first to hear about conference plans and can share your thoughts,
questions and answers. You can do this by signing up for "Salt Lake
City 2007" at www.lyris.jewishgen.org/listmanager/.

See you in SLC this Summer!
Hal Bookbinder and Mike Brenner, Conference Co-Chairs


LI-RA-MA database completed #poland

Donna Dinberg <blacknus@...>
 

Library and Archives Canada is pleased to announce the completion of
the database of the Likacheff-Ragosine-Mathers (LI-RA-MA) collection.
Created between 1898 and 1922 by the consular offices of the Tsarist
Russian Empire in Canada, the approximately 11,400 files pertain to
Jewish, Ukrainian and Finnish immigrants who came to Canada >from many
locations within the Russian Empire. The files include passport
applications, identity papers and questionnaires containing general
information. Since the initial release of the database in October
2006, 35,000 digitized images have been added, bringing the total
number of images to 55,000.

The LI-RA-MA collection is located at:
http://www.collectionscanada.ca/archivianet/li-ra-ma/index-e.html

Click the "Search" link on the left to search the database.

The LI-RA-MA database is one of several launched recently as part of
LAC's "Moving Here, Staying Here" project. You are invited to visit
the site at: http://www.collectionscanada.ca/immigrants.

The contributions of many LAC staff were instrumental in the success of
this project, and their efforts are much appreciated. For more
information, please contact the Project Manager, Ang=E8le Alain, at
webservices@...


---
Posted on behalf of Library and Archives Canada by:

Donna Dinberg
Librarian, JGS of Ottawa
Ottawa, Ontario, Canada
blacknus@...


Family of OSCAR HAMMERSTEIN #poland

Carolyn Lea <clea@...>
 

Two years ago when I began researching my father's family I located a cousin
(our greatgrandfather Levisons were brothers and married Rothschild sisters)
who told me that he remembers being told that we were cousins to the
lyricist Oscar Hammerstein - that Minnie Rothschild was his mother. I
checked google and dismissed the information as incorrect. However, when I
worked with the LDS film of Jewish records >from Elbing (Elblag) I
discovered that my gg-grandfather, Moses Lewisohn, was married to Minna
Hammerstein. The fact that my cousin knew the name Minnie makes me lend a
little more credence to his story. Moses was born in Elbing in 1822 and my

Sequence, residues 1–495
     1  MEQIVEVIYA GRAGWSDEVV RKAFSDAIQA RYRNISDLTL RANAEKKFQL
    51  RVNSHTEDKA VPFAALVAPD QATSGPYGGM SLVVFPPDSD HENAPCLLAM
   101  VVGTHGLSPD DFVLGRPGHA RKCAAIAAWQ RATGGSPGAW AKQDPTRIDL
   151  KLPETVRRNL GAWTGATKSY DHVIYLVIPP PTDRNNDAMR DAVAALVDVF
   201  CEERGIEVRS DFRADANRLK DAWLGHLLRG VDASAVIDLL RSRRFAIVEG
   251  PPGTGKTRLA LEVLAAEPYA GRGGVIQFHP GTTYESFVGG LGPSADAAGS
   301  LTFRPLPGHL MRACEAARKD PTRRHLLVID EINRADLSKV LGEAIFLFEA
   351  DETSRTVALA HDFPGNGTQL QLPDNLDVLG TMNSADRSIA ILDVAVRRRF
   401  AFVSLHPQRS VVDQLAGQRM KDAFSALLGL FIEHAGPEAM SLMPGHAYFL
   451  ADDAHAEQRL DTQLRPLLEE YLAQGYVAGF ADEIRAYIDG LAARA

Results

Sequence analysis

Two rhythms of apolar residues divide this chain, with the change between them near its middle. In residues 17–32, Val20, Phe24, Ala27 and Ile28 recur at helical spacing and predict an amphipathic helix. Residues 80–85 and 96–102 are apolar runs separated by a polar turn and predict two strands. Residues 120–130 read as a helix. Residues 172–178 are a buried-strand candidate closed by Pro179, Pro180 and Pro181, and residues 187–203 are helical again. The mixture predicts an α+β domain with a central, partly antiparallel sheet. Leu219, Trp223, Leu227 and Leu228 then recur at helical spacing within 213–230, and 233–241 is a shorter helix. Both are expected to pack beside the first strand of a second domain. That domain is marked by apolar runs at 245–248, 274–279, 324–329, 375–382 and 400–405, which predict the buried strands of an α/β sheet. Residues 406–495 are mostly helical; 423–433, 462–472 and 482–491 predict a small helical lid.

g-grandfather was born in 1851 so I assume that Minna was born in the 1820s.
I do not believe Minna was born in Elbing as I did not find Hammerstein
records there. A marriage record for Moses and Minna was not on the film,
nor was the birth of the first child, my g-grandfather. I am guessing that
they may have married in Minna's home town and had a child there.

My questions are: Oscar Hammerstein I was born in Stettin in 1847 to Abraham
and Berthe. It appears that Elblag and Szczecin (Stettin) are about 230
miles apart. I believe the most likely connection would be one to Abraham
(sister?) based on what I believe to be Minna's age. Is it likely that a
marriage would have occurred between families living that far apart?

I have looked at the LDS films listed for Stettin (on JRI POLAND) and there
is not a film that would include birth records for the period that would
include Minna and Abraham. Is anyone familiar with the films? Are there any
that might be helpful? Would marriage records include parents names as they
do in Elbing?

Any research suggestions are appreciated. If there is a connection it may be
possible that my Lewisohns began in Stettin as >from what I understand Elbing
did not have a Jewish population until the early 1800s.

Carolyn Lea
NW Ohio
clea@...
ID# 152314

Researching: SCHWARZBAUM/SCHWARTZBAUM > Posen, Prussia >New York,
Savannah, Georgia and California ROTHSCHILD/ROTHCHILD> Zierenberg, Hessen
Kassel, & Hamburg? Prussia> Darien and Savannah, Georgia
BASCH>Prussia>Savannah, Georgia LEWISOHN/LEVISON Elbing, West Prussia>
Brunswick and Savannah, Georgia
OPPENHEIM > Savannah, Georgia & South Carolina WEINBERG >Hamburg > Georgia